© Reuters. FILE PHOTO: An employee hiring sign with a QR code is seen in a window of a business in Arlington, Virginia, U.S., April 7, 2023. REUTERS/Elizabeth Frantz
A look at the day ahead in U.S. and global markets from Mike Dolan
With the U.S. debt ceiling removed, world markets see the sky again – encouraged that robust U.S. labor markets continue to defy recession fears as interest rates near peaks.
May’s U.S. employment report later on Friday now stands as the last major data point of a shortened trading week in which June was greeted with glee by global investors.
And judged by all the other labor market soundings this week, there are few signs yet of any significant disturbance to the still-robust employment picture. Another 190,000 payrolls are expected to have been added last month.
And although markets could see the end of the debt limit saga late last week, news on Thursday that the Senate joined the House in passing legislation that lifts the ceiling and averts default has cleared the decks of one major outside risk.
With Federal Reserve officials making noises about skipping a rate hike this month as they assess a complicated macro picture, futures markets have reverted to seeing less than a one-in-three chance of a June rate rise.
And so after completing three consecutive monthly gains for the first time since 2021, the and Nasdaq surged to nine-month closing highs on Thursday. Stock futures pointed to further gains on Friday.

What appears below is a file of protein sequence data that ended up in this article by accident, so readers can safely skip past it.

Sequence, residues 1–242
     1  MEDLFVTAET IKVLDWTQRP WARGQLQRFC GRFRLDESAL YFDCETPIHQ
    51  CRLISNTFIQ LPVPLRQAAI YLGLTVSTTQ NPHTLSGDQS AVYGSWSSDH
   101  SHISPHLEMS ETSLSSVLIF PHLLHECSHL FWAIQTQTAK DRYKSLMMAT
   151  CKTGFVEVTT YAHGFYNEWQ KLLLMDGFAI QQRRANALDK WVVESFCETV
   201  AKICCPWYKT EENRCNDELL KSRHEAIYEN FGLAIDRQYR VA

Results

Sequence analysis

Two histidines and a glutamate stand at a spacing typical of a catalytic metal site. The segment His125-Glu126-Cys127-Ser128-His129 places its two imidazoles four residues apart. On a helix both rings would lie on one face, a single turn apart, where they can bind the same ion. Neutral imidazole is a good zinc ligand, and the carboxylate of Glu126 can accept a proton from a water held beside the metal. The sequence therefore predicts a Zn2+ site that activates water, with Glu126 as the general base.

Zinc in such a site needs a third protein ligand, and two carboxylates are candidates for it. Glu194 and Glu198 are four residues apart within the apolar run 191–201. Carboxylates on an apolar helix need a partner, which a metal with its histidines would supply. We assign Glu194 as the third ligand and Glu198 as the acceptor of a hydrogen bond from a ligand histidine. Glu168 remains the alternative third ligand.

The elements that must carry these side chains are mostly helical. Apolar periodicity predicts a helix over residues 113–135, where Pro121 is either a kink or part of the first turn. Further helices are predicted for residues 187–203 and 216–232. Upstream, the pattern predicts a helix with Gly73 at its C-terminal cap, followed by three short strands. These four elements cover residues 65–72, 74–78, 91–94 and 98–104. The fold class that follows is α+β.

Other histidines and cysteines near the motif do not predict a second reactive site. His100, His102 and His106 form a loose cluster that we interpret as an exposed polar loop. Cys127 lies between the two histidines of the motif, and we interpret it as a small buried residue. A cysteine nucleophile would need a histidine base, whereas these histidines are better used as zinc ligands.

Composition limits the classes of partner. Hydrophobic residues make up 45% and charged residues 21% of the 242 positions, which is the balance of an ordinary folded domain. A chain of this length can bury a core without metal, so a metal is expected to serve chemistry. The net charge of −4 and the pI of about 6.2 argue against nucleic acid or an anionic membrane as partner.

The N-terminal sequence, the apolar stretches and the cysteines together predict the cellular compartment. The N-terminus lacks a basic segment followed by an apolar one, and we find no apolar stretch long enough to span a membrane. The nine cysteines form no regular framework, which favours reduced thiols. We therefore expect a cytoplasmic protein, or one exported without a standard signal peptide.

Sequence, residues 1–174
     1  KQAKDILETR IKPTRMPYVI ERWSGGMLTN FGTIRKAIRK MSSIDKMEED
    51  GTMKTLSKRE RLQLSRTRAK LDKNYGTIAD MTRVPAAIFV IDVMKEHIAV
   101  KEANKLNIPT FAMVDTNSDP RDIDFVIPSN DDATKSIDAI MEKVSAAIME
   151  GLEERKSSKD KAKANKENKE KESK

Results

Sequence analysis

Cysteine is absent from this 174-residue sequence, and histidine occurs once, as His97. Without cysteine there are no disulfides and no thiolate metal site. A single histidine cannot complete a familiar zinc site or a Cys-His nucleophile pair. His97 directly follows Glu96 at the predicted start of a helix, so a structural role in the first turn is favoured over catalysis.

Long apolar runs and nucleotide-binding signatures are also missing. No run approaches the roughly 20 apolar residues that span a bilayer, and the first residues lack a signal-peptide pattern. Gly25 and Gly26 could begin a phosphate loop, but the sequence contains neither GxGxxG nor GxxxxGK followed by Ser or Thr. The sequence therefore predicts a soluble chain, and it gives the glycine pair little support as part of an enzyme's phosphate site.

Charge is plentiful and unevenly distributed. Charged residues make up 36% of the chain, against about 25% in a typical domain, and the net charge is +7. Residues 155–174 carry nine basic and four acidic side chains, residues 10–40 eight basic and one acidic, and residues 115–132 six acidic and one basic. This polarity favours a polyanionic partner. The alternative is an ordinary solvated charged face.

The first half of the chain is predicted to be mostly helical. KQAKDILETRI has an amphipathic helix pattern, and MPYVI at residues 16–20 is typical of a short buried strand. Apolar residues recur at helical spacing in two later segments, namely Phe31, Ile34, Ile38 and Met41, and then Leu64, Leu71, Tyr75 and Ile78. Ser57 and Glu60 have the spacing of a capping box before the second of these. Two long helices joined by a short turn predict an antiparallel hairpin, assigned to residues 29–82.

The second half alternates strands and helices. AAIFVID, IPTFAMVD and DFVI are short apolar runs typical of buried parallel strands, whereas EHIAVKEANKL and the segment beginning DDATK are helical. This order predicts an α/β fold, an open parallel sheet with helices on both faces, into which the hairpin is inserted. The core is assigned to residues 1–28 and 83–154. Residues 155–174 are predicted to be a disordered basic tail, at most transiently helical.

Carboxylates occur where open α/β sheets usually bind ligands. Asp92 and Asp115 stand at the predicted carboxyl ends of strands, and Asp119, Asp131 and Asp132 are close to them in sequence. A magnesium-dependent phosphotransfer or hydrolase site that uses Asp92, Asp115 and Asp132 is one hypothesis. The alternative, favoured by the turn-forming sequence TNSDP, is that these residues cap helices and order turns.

Wall St’s “fear index” – the gauge of implied equity volatility – hit its lowest level since November 2021 early on Friday.
The relief spread across world bourses, with MSCI’s all-country stock index adding another 0.5% on Friday and even Hong Kong’s beaten down bouncing back to record its best day in three months.
Reports that China is working on new measures to support the property market, after existing policies failed to sustain a rebound in the sector, helped the Hong Kong rally.
To the extent the dollar was bid by debt-ceiling stress and thoughts of another June Fed hike, then it’s fallen back again too.
Elsewhere, oil markets are closely watching the weekend OPEC ministers meeting – although further production cuts are not expected.
For inflation watchers, annual price declines are still running at more than 30%.
And annual world food price declines are also running at more than 20% and hit their lowest in two years, according to The United Nations food agency.
In stocks, Broadcom (NASDAQ:) shares failed to gain despite the company forecasting third-quarter revenue above market estimates on Thursday amid massive corporate investments in AI-related technologies.
But Lululemon Athletica (NASDAQ:) shares jumped 13% after the bell on Thursday after it raised sales and profit forecasts as wealthy Americans snap up its pricey activewear.
In politics, BRICS foreign ministersasserted their bloc’s ambition to rival Western powers but their talks in South Africa were overshadowed by questions over whether Russia’s president would be arrested if he attended a summit in August.
Events to watch for later on Friday:
* U.S. May employment report
(By Mike Dolan, editing by Sharon Singleton; email@example.com. Twitter: @reutersMikeD)